5 Ways to Overcome Job-Search Frustration

Rather than letting that frustration fester, put it to good use.

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Curt Rosengren
The job search can be incredibly frustrating. And if you’re not careful, that frustration can start to fester, taking control of your life and getting in the way of the effectiveness of your efforts.

Here are five ways to overcome that frustration:

Get angry

Have you ever felt negative about something and slathered it with a layer of positive thoughts, only to find those negative feelings come roaring up again like a volcano with even more force? If you have, you’ve experienced firsthand the limits of positive thinking.

I’m not a fan of the smiley, happy, positive-thinking-at-all-costs school of thought. Focusing on the positive is a great way to shift how you experience your world, but sometimes you just have to let the volcano blow.

That might look like venting in full force to a trusted friend. It might look like unleashing the fury on a pillow. Or it might look like pouring it all into a hard workout. However you do it, think of it as a pressure release valve. The idea isn’t to stay in that angry space. It’s simply to acknowledge that it’s there and express it so you can move on to more productive ways of coping with your situation.

The less energy you have to spend holding down the anger, the more potential the following ideas have to help minimize the intensity of your frustration.

[See 6 Creative Ways to Showcase Your Resume Online.]

Be grateful

Some of coping with frustration is a matter of perspective. Think of your view of your life as unfolding on a movie screen. When your awareness of the lack of results in your job search swells to fill the entire screen, that becomes your entire focus. No wonder life feels like it completely sucks!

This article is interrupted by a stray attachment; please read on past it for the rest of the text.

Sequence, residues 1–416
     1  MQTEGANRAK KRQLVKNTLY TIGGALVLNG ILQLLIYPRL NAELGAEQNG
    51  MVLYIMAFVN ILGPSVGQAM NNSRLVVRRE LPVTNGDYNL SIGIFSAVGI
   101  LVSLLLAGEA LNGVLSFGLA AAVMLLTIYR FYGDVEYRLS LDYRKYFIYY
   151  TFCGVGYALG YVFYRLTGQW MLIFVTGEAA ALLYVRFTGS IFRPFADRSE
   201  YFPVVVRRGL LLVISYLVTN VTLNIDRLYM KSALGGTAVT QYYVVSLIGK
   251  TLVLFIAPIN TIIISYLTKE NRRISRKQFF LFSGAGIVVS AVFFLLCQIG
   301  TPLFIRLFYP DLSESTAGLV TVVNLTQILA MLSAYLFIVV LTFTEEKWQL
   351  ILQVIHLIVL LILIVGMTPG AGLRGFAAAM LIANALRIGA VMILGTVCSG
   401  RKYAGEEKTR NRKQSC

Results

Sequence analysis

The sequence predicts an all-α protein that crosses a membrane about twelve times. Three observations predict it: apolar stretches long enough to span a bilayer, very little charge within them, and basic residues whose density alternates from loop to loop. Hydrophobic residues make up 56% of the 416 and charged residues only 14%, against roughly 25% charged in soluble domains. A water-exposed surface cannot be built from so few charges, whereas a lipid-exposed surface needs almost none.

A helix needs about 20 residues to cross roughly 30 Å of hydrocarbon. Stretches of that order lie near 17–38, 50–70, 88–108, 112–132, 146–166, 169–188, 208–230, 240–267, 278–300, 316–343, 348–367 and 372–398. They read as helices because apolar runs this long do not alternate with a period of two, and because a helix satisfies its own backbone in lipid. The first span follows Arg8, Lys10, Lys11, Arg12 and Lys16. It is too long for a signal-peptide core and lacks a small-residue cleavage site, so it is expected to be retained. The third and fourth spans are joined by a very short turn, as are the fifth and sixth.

But if you step back for a minute you will probably find that, while you’re definitely in the midst of a crappy situation, you can also find things in your life to feel grateful for.

Practicing gratitude isn’t about scrunching your eyes shut and pretending the negative doesn’t exist. It’s about taking a more comprehensive (and realistic) picture, incorporating the positive along with the frustrating. It is also about choosing to focus on what’s positive and affirming, rather than what leaves you feeling drained and depleted.

[See 5 Job-Search Habits to Break.]

Help others

When the frustration of a job search reaches a boil, it can be helpful to step out of the pot and focus on someone or something else. Finding ways to help other people, whether through formal volunteering or informal acts of service, can help shift your attention and awareness to the world outside your own life.

This has several benefits. First, it gets you off the endless hamster wheel of dwelling on what’s happening in your life. Second, seeing the challenges others are encountering can often provide a sense of perspective. And third, studies have shown that altruistic efforts like helping others can have both mental and physical health benefits.

Get a nature fix

If you’re up to your eyeballs in frustration, try getting out into nature. Nature has a natural grounding effect on people. If you really want to take full advantage of that effect, don’t just take your body out into nature while your brain is still spinning madly on the hamster wheel. Make an effort to really be aware of your surroundings.

Breathe in the fresh air. Notice the plants. Stop and watch a bird in a tree. Close your eyes and listen to the sound of a stream, or birdsong. Connect as fully as you can with your surroundings.

[See How to Make a Career Back-Up Plan.]

Accept the situation

Here’s where you might be tempted to start swearing at me, especially if your frustration level is high. But the cold hard fact is that right here, right now, your reality is what it is. Wishing it were something different won’t change that. So you have a choice. You can either keep banging your head against the wall and feeling the pain of resisting what is, or you can accept it. As Byron Katie says, “When I argue with reality, I lose – but only 100 percent of the time.”

That’s easier said than done. One tool that’s particularly effective is Byron Katie’s process she calls The Work.

Accepting what is doesn’t mean giving up on your efforts. It simply means giving up your resistance so you can stop wasting energy on something that is inherently unproductive. When you do that, you have more energy to put towards moving towards your ultimate goal.

After years as a professional malcontent, Curt Rosengren discovered the power of passion. As speaker, author, and coach, Rosengren helps people create careers that energize and inspire them. His book, 101 Ways to Get Wild About Work, and his E-book, The Occupational Adventure Guide, offer people tools for turning dreams into reality. Rosengren's blog, The M.A.P. Maker, explores how to craft a life of meaning, abundance, and passion.